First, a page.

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Mindfulness is a relatively new therapeutic treatment modality, which is based in Eastern tradition. Although it has been practiced for thousands of years, it is receiving growing recognition and incorporation in the field of psychology. Mindfulness requires an individual to be aware of his or her present experiences, rather than focused on the past or future. Through mindfulness, one learns to be able to attend to, and remain consciously aware of, present experiences, without judgment or self-criticism.


Mindfulness exercises can be incorporated within psychotherapy. Learning to breathe and become attuned to one’s own body are initial exercises. One first learns to observe one’s physical sensations. Treatment can then evolve into an observation of emotional reactions, which allows individuals to step back and evaluate their feelings from another perspective or lens. It enables one to detach or defuse from a negative experience and to recognize that thoughts and feelings are transient. As Sears, Tirch, and Denton state, “By talking to yourself about your thoughts, you eventually realize that thoughts themselves are not so powerful, and they are not who you are.” In later stages of treatment, individuals may begin to deliberately focus on a difficult issue or event, and sit with that particular concern, which has been shown to reduce anxiety or general fears.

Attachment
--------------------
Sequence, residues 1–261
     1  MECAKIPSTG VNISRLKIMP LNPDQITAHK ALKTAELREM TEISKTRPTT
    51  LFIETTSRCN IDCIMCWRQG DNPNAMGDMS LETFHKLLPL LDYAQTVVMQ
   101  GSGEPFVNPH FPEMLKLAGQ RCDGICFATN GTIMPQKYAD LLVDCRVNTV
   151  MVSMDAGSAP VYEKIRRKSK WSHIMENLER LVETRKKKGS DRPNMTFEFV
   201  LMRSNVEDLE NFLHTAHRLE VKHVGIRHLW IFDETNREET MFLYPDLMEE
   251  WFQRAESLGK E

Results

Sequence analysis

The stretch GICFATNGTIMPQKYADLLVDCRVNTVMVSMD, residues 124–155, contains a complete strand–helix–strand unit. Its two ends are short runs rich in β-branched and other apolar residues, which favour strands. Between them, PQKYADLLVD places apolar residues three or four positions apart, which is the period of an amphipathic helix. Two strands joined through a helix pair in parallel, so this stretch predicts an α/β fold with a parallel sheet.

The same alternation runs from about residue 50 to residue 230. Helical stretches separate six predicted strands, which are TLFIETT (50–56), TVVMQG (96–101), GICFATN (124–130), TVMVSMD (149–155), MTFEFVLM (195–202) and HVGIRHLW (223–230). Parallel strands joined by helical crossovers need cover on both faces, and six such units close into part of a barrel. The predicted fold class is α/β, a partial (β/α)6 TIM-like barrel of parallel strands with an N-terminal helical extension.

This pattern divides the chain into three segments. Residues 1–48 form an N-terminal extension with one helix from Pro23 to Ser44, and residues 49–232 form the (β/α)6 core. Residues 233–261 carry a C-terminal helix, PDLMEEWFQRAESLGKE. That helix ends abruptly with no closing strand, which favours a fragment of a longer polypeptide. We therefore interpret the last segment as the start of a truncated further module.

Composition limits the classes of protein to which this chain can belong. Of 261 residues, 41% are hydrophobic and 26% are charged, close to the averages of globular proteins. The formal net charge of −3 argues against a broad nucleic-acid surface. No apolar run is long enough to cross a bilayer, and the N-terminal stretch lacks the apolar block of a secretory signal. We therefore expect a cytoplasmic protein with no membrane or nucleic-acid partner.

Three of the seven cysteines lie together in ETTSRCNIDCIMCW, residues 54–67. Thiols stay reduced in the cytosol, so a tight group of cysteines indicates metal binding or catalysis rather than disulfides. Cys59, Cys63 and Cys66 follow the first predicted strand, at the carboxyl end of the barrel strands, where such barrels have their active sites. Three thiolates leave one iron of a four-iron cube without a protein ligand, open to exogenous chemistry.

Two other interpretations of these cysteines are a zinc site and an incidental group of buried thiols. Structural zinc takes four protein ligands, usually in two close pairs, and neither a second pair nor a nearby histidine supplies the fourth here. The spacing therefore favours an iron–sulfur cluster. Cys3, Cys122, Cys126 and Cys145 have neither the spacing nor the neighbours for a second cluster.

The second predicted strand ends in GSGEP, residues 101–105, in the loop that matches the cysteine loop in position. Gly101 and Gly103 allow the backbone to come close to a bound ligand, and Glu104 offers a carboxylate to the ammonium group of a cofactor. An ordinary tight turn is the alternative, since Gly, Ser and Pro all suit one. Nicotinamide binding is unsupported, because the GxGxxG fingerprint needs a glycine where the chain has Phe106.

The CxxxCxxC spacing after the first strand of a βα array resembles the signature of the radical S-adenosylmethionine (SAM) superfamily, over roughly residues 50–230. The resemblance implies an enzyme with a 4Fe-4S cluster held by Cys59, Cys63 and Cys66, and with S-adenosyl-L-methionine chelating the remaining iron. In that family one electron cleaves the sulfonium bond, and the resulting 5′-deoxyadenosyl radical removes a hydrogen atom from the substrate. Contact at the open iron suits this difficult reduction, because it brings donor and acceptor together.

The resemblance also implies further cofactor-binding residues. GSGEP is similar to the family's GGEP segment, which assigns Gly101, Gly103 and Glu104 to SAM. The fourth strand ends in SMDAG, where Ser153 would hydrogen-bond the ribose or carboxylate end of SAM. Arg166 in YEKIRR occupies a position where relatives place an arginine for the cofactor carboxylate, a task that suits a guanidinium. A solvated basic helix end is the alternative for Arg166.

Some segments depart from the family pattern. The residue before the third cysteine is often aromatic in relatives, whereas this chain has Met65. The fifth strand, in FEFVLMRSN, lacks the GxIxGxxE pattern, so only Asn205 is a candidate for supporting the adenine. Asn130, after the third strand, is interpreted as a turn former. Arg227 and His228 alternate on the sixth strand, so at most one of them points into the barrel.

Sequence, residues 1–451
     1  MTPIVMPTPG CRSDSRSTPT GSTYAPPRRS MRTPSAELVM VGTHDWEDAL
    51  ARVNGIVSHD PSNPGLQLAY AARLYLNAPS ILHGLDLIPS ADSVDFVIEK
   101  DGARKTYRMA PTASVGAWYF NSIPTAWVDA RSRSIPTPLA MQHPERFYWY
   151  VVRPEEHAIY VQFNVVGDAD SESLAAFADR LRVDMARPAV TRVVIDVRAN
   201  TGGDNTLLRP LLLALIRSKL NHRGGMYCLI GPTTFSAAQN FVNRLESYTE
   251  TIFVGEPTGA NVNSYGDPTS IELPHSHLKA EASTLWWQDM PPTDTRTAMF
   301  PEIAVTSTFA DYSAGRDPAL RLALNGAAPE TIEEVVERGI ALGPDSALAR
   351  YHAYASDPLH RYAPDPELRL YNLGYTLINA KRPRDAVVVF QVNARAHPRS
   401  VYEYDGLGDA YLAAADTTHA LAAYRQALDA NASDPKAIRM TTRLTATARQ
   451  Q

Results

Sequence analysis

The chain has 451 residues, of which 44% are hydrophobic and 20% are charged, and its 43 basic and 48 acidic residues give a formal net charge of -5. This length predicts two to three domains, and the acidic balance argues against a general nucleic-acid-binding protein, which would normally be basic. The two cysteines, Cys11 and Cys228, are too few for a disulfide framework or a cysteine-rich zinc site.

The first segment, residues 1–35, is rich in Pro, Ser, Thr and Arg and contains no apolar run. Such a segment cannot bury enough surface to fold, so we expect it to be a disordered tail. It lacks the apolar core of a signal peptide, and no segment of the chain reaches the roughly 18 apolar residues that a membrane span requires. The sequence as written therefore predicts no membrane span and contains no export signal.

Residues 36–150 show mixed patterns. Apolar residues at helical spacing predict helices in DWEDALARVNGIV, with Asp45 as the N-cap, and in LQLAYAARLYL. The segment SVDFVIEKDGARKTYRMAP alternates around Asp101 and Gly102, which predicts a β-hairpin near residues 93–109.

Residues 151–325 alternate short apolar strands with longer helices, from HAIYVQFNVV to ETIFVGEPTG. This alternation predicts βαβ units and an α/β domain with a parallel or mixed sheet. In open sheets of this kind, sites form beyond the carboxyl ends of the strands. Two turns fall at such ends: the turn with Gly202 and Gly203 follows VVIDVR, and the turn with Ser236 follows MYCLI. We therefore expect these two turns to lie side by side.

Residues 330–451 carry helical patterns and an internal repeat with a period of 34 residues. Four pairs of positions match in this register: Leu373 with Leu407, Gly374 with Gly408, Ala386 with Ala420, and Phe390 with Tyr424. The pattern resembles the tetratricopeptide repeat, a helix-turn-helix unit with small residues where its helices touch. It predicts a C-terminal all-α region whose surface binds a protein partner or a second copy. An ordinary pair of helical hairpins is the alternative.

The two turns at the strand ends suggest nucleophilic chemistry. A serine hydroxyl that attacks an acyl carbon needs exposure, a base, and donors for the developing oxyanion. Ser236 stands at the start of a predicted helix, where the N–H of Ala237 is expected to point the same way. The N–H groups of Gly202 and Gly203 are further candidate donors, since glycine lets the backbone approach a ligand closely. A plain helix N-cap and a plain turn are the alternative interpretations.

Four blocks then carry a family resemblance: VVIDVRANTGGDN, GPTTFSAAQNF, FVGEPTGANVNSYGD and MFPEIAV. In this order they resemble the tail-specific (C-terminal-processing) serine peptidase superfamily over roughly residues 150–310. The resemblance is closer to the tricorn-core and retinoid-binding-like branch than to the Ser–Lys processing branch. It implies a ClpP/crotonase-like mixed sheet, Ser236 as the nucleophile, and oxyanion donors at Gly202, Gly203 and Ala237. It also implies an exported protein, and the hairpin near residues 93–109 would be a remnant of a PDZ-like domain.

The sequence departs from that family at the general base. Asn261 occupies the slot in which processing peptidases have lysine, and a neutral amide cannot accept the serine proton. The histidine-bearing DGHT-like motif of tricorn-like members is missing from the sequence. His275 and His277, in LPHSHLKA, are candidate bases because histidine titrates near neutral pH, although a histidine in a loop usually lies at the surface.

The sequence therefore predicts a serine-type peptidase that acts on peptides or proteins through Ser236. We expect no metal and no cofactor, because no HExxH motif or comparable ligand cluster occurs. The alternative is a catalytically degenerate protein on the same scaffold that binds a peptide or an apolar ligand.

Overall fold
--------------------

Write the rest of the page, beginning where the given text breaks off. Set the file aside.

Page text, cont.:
Mindfulness can be used to treat depression, anxiety, obsessive-compulsive disorder, bipolar disorder, eating disorders, stress, and pain management. It can also be used in conjunction with the other treatment modalities, such as cognitive behavioral therapy or biofeedback.


Sears, R. W., Tirch, D. D., Denton, R. B. (2011). Mindfulness in clinical practice. Sarasota, FL.: Professional Resource Press.

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